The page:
Read Part 1 here and Part 2 here

During my time in Burma, I stayed in the home of Saw Rai, a quiet, genuinely nice guy.  He had a kind face and a witty, playful spirit.  He was happy to have me string up my hammock in his bamboo home, run interviews on his porch, and let me tag along as he treated his many patients.

Not exactly state of the art equipment

After years of medical training in the jungle, Saw Rai was as medically competent as a physician, when it came to jungle type care anyway.  At least, that’s what the American doctor I was with told me.  The Karen medic had extensive experience with malaria, tropical diseases, delivering babies in the middle of the jungle, and other things you would never see in the US.  What the doctor didn’t tell me about was Saw Rai’s combat experience as a foot soldier in the civil war, long before his medical pursuits.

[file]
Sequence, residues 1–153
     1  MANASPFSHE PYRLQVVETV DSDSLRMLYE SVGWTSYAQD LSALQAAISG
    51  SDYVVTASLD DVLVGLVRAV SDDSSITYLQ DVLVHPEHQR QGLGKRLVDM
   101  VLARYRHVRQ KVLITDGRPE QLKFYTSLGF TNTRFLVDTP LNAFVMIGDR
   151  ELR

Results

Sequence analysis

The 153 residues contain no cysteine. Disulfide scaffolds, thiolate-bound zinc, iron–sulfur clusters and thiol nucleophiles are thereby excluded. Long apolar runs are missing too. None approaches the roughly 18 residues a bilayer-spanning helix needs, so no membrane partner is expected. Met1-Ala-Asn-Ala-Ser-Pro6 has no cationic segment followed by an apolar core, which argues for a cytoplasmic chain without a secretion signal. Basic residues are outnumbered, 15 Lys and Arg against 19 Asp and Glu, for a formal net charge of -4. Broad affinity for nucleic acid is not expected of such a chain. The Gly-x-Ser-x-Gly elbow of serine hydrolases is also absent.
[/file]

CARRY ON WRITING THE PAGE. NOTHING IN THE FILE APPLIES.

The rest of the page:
We were walking from one village to the next, as we often did out in the jungle.  After some short conversation, we began swapping war stories.  He mostly liked to talk about the things that made him laugh, but soon enough we were exchanging the heavier sides of our experiences in our respective wars.